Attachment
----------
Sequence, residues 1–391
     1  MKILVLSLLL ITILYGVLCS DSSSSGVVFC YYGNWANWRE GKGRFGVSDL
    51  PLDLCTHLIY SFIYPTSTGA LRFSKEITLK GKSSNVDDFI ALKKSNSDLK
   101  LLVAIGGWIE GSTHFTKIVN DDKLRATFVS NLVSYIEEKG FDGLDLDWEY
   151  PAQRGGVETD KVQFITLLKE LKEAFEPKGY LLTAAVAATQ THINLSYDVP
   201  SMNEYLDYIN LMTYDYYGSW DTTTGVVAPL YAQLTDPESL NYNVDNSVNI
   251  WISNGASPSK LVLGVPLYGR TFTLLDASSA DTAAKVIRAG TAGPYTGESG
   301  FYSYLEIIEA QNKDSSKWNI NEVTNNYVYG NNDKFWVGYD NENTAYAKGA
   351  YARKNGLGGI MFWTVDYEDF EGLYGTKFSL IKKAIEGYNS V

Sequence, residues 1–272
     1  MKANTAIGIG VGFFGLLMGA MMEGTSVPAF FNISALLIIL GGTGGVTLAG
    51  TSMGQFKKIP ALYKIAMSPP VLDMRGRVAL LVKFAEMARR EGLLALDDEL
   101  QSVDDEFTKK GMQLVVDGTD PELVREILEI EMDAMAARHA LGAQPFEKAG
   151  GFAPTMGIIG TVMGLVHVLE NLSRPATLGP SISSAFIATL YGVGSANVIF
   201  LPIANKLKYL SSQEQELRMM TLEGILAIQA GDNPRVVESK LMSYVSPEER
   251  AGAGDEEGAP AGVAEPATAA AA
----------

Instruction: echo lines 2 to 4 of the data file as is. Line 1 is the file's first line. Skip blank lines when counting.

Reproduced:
     1  MKILVLSLLL ITILYGVLCS DSSSSGVVFC YYGNWANWRE GKGRFGVSDL
    51  PLDLCTHLIY SFIYPTSTGA LRFSKEITLK GKSSNVDDFI ALKKSNSDLK
   101  LLVAIGGWIE GSTHFTKIVN DDKLRATFVS NLVSYIEEKG FDGLDLDWEY